• Uplevel Your Apology IQ

    As kids, most of us learned to say, “I’m sorry” only after we got caught. Such apologies got mixed up with a fair amount of shaming, judgement and punishment from our caretakers or the school principal. This was part of our socialization. We were learning to fit into a structure that includes rules, codes of conduct, our relationship to authority and the ethics of good v. bad behavior. This is a super important part of a child’s development. But the problem is that these early lessons about apology then became a reference point in our adult relationships. The problem is that mature relationships are complex. Adult apologies require more emotional intelligence. Couples often argue because they’re still operating from that earlier more primitive playbook. Once partners make their apologies as sophisticated as the rest of their lives, conflict can begin to fade.

    Below are some examples of apology mindsets created early in life that carry over into adult relationships.

    I can’t apologize because I still disagree with my partner.

    An apology is not an agreement. You don’t have to believe or admit that your partner is right in order to apologize. We apologize for how we contribute to our partner’s misery, or for not knowing how to find a solution or for what we did. None of these three things demands agreement.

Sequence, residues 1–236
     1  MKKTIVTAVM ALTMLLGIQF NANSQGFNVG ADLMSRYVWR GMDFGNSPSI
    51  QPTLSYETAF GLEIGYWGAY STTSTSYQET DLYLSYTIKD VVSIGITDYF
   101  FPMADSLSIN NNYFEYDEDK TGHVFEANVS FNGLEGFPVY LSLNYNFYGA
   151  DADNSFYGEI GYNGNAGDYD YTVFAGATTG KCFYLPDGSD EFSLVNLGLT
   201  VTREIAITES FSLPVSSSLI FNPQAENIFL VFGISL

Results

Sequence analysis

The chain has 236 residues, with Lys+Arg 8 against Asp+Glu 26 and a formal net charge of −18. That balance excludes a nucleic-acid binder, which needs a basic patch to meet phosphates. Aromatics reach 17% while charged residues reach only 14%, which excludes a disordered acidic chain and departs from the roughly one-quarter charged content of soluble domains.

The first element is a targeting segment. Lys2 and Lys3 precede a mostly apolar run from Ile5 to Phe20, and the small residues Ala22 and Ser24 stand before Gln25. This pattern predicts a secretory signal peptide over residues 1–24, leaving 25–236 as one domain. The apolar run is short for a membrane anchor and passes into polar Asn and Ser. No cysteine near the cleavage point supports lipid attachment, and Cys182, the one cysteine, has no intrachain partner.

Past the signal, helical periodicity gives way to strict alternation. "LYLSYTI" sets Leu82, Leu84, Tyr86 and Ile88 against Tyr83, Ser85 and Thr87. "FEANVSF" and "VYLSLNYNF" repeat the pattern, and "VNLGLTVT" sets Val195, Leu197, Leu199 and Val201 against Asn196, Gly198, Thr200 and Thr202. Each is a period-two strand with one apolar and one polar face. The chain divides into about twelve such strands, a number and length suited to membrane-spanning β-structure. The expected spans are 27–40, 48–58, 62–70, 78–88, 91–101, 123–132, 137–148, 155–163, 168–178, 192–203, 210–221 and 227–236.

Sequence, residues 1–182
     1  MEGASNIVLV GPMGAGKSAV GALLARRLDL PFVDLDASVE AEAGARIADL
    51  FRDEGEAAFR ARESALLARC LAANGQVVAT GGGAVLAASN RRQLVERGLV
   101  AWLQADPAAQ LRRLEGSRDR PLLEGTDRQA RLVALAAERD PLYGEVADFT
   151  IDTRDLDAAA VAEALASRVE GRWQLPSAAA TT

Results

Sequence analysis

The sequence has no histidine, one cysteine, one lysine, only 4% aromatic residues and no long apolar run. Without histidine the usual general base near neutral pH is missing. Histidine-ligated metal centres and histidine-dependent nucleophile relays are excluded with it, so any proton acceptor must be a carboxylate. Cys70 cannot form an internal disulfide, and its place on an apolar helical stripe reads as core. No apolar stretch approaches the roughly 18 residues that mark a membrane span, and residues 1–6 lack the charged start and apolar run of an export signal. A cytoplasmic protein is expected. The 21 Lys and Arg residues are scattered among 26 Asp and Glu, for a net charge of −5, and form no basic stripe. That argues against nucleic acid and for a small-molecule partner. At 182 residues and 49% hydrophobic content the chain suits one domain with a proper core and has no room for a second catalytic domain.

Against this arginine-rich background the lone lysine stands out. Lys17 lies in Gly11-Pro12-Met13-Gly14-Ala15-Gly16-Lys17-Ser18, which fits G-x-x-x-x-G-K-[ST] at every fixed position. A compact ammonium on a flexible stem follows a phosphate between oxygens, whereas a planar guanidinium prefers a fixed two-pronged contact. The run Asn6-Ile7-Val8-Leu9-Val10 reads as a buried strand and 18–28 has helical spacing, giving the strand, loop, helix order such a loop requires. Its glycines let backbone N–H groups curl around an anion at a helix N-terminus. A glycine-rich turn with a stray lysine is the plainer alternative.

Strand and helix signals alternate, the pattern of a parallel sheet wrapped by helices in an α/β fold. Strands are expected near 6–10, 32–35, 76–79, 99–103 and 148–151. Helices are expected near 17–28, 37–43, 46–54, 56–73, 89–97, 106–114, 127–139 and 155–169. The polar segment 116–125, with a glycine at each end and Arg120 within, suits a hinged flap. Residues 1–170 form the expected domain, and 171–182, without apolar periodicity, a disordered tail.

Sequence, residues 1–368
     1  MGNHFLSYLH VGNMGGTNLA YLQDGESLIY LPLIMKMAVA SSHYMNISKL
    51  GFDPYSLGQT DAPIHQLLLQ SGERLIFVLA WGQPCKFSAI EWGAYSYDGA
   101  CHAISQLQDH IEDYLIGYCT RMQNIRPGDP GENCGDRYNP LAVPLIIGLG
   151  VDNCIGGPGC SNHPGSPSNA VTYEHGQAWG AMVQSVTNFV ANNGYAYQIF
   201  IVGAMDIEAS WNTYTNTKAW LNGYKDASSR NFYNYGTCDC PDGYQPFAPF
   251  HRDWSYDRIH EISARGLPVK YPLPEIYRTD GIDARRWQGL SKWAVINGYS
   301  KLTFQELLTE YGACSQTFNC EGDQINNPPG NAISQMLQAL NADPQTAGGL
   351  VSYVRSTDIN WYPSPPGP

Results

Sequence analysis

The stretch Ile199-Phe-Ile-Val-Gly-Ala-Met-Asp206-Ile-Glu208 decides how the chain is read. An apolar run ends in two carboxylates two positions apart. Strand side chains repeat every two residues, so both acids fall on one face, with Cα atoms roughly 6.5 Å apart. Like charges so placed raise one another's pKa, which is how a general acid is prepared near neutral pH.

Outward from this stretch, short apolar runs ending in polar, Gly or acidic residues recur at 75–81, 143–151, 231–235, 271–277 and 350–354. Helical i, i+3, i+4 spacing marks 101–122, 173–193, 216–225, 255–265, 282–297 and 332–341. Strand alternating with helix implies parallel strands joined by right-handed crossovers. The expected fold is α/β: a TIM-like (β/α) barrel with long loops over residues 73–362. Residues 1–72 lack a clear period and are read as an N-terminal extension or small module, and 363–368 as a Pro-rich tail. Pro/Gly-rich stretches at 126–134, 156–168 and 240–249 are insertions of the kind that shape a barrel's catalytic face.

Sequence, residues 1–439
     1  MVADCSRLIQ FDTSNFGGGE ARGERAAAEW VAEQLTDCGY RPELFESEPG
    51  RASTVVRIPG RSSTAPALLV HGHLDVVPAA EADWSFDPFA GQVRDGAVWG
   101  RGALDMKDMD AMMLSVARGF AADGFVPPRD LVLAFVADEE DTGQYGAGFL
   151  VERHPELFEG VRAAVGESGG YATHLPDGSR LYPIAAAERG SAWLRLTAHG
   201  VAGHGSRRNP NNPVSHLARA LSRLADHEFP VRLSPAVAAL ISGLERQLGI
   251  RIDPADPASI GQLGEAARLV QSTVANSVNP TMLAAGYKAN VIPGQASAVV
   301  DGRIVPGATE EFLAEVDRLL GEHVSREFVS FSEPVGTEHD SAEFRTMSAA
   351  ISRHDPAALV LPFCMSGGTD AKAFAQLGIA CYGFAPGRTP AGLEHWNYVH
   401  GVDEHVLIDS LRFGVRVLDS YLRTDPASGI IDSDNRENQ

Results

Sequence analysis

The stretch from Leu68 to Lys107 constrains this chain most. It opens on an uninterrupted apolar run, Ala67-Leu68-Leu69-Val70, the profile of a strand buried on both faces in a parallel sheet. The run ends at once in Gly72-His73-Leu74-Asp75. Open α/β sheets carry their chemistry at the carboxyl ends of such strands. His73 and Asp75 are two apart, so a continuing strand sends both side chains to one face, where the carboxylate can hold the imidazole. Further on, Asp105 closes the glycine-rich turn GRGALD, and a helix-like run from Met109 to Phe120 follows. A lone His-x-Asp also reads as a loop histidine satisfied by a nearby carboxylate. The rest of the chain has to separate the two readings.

In order to apologize I have to explain my side.

    An apology isn’t about telling your story.

    Your partner isn’t interested in your side of the story. They’re interested in knowing whether or not you understand why they are upset. The purpose of an apology is to express empathy and insight. Once you’ve done this, they may be willing to have a separate conversation where they hear your side.

    Apologizing first means I’m giving in.

    Going first is empowering because you’re proactive and independent. Waiting on someone else to determine your actions is what keeps you passive and dependent.

    I only apologize when I know I’m wrong.

    Right or wrong is a totally different conversation from an apology. Smart couples apologize first. Only then do they have a conversation about their differences of opinion. Apology is about two things: what you did and how it made your partner feel. If you’re innocent and did nothing wrong, you still apologize for the harm done in upsetting your partner. If you screwed up, apologize for that plus for hurting your partner.

    Apologies make me feel like a weak person.

    Apologies are often mistaken for giving in or losing a power struggle. The truth is that apologies raise you above a power struggle. Apologies are dynamic, decisive, proactive and demonstrate your authority and accountability. Apologies improve your status and earn you the right to ask your partner to also be accountable.

    If you want my free guide, The Art of Apology, email me at coupleswhofighttoomuch.com and I’ll send it to you. This Guide contains a brief script that makes apologizing safe, swift, easy and heartfelt.